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Russia seizes Volkswagen factory in legal battle with Deripaska’s car maker

New cars are seen parked at the plant of Volkswagen Group Rus in Kaluga, Russia March 30, 2022 - REUTERS/Evgenia Novozhenina/File Photo
New cars are seen parked at the plant of Volkswagen Group Rus in Kaluga, Russia March 30, 2022 - REUTERS/Evgenia Novozhenina/File Photo

Volkswagen has lost control of a vast car plant in Russia as part of a legal battle with a car maker controlled by sanctioned oligarch Oleg Deripaska.

A Russian court has frozen Volkswagen’s assets in the country, including its large plant in Kaluga, western Russia, after the German car giant was sued by its former joint venture partner.

Russia’s GAZ is suing VW for about $200m, claiming it broke a contract when it withdrew from the country last year. The German carmaker denies the allegation.

The US Treasury said in 2018 that GAZ, which is one of Russia’s leading vehicle manufacturers, was “owned or controlled by, directly or indirectly, Oleg Deripaska”, the Russian oligarch.


Mr Deripaska has been sanctioned in the US, UK and EU in the wake of Russia’s invasion of Ukraine because of his connections to the Kremlin.

UK officials have deemed that he has acted “on behalf of or at the direction of” Vladimir Putin.

GAZ built more than 52,000 vehicles for Volkswagen under the Skoda and VW brands in 2021. The company produced the cars under licence at its factory in Nizhny Novgorod, a city 250 miles east of Moscow.

Prior to the invasion of Ukraine, Volkswagen also built vehicles in Russia at the Kaluga plant, which had a production capacity of 225,000 cars a year and employed 4,000 people at its peak.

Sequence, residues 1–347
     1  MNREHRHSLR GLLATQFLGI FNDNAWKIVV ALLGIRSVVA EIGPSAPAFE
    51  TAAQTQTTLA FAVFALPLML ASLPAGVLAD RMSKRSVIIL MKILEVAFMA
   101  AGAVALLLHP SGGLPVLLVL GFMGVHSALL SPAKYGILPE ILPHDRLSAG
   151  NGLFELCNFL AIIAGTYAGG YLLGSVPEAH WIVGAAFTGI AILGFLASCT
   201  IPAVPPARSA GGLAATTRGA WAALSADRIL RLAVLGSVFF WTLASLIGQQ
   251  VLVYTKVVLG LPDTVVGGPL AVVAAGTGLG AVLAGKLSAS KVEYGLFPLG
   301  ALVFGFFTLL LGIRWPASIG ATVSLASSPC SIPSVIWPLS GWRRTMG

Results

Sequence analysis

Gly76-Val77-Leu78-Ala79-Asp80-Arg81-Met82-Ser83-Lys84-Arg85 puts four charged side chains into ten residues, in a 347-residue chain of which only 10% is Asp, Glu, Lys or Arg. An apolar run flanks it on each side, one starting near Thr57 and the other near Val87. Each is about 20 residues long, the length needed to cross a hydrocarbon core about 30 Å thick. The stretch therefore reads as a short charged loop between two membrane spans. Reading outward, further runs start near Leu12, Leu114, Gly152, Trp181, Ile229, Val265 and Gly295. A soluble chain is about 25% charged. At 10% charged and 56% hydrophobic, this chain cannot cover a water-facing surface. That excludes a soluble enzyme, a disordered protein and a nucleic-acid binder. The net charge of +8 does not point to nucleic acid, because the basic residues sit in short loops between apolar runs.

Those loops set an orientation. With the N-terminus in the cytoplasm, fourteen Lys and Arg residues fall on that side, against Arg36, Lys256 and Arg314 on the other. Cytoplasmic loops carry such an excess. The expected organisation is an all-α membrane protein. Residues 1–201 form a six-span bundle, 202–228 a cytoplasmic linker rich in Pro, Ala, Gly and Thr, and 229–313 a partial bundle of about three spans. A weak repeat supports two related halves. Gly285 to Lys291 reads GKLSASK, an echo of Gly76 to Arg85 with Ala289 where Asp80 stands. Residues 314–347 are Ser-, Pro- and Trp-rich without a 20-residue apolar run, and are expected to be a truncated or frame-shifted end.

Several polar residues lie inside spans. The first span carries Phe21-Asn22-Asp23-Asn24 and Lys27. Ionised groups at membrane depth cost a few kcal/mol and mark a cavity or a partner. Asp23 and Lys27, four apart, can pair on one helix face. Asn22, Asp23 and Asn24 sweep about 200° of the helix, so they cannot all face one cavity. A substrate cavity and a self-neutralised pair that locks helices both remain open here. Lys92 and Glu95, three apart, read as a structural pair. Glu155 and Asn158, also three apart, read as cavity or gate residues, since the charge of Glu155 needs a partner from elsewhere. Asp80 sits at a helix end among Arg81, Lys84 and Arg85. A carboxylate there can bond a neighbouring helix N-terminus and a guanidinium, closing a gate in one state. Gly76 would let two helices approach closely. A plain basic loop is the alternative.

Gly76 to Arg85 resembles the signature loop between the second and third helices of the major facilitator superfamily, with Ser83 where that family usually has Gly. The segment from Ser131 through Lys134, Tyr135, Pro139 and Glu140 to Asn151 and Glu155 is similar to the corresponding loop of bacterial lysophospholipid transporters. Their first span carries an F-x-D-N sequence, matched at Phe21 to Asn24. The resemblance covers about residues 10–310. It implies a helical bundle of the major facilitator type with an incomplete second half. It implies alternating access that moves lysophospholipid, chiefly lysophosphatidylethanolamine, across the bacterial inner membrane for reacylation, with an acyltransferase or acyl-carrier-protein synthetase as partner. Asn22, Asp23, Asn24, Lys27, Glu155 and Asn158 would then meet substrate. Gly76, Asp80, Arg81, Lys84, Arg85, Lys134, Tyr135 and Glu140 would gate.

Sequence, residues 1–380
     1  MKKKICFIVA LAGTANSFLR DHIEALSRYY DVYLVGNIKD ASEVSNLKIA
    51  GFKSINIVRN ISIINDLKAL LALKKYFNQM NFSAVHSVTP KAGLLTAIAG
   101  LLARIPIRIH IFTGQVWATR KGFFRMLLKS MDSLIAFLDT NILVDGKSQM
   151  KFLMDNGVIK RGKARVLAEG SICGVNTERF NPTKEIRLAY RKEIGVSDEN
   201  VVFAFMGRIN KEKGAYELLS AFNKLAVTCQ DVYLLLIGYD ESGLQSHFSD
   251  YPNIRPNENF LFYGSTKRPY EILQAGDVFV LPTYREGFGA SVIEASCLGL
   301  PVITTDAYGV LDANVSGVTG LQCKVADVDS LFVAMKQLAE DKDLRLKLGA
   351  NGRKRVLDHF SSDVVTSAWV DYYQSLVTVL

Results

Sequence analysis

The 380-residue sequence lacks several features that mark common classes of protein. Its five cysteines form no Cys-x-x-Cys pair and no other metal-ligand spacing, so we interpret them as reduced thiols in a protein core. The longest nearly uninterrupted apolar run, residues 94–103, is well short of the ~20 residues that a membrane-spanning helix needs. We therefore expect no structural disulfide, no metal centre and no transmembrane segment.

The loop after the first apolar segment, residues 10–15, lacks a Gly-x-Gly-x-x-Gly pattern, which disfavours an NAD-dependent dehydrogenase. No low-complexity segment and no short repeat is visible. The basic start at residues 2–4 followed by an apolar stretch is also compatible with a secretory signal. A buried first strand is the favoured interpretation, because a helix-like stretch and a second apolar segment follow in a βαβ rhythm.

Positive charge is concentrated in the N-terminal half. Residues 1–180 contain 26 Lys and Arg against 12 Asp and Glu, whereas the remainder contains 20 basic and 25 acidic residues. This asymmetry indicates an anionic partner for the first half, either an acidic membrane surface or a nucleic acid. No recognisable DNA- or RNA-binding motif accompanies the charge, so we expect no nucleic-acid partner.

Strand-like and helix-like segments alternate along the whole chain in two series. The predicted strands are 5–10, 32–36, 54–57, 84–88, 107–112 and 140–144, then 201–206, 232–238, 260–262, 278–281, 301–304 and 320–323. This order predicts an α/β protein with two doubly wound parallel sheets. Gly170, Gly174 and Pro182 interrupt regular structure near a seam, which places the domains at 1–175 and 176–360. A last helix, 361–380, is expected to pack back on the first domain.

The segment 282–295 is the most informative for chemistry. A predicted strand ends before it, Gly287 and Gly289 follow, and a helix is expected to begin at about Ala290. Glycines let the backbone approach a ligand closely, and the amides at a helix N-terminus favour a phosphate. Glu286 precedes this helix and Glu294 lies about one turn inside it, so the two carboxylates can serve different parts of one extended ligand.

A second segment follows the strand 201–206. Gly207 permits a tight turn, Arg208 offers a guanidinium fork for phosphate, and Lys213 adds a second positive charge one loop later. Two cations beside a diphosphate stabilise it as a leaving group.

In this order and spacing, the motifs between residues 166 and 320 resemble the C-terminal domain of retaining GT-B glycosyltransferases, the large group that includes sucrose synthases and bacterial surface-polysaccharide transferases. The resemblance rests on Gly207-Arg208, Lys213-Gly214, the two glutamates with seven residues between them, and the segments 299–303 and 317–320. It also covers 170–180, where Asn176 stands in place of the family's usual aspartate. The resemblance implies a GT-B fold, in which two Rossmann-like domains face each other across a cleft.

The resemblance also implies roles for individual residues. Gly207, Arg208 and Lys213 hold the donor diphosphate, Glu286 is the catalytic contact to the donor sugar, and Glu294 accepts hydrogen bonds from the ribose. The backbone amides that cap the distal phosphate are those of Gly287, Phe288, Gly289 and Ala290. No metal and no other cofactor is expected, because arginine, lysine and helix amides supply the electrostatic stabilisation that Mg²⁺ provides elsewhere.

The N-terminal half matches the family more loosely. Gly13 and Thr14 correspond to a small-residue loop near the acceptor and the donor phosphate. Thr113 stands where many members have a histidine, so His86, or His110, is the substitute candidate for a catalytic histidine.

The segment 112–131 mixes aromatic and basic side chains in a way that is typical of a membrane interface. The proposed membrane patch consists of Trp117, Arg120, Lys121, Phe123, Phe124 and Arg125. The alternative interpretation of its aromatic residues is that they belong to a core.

However, the site has been shuttered for more than a year as Volkswagen tries to sell its assets in Russia, amid the ongoing war.

While rival Renault disposed of its stake in Lada owner Avtovaz for a nominal sum in May last year, Volkswagen has struggled to offload its assets.

GAZ asked a court to halt the sale, Reuters reported, as it seeks damages for alleged breach of contract.

A Volkswagen spokesman said: “We are aware of the claim from GAZ and we are reviewing the materials of this case at the moment.”

The company said it was “surprised” by the claim and said the partnership ended on mutually-agreed terms in the middle of last year.

Volkswagen is in the process of applying for approval by the Russian State authorities to sell its shares in its Russian business, including the Kaluga plant to a “reputable Russian investor”, it said.

GAZ was approached for comment.

Western car makers fleeing the country has cut car production in Russia by a third. As well as relying on Western designs, local manufacturers also need to import parts, the supply of which has been cut off.

Following Renault’s sale of AvtoVaz, reportedly for one rouble, Lada production has been slowly growing again, albeit for basic models stripped of many of their safety systems.

Skoda, which is owned by Volkswagen, said earlier in the week that it is close to a deal to exit Russia.

Separately packaging maker Smurfit Kappa said it has disposed of its Russia assets, selling the mills to local management. The company will take a €128m (£111m) accounting hit from the sale.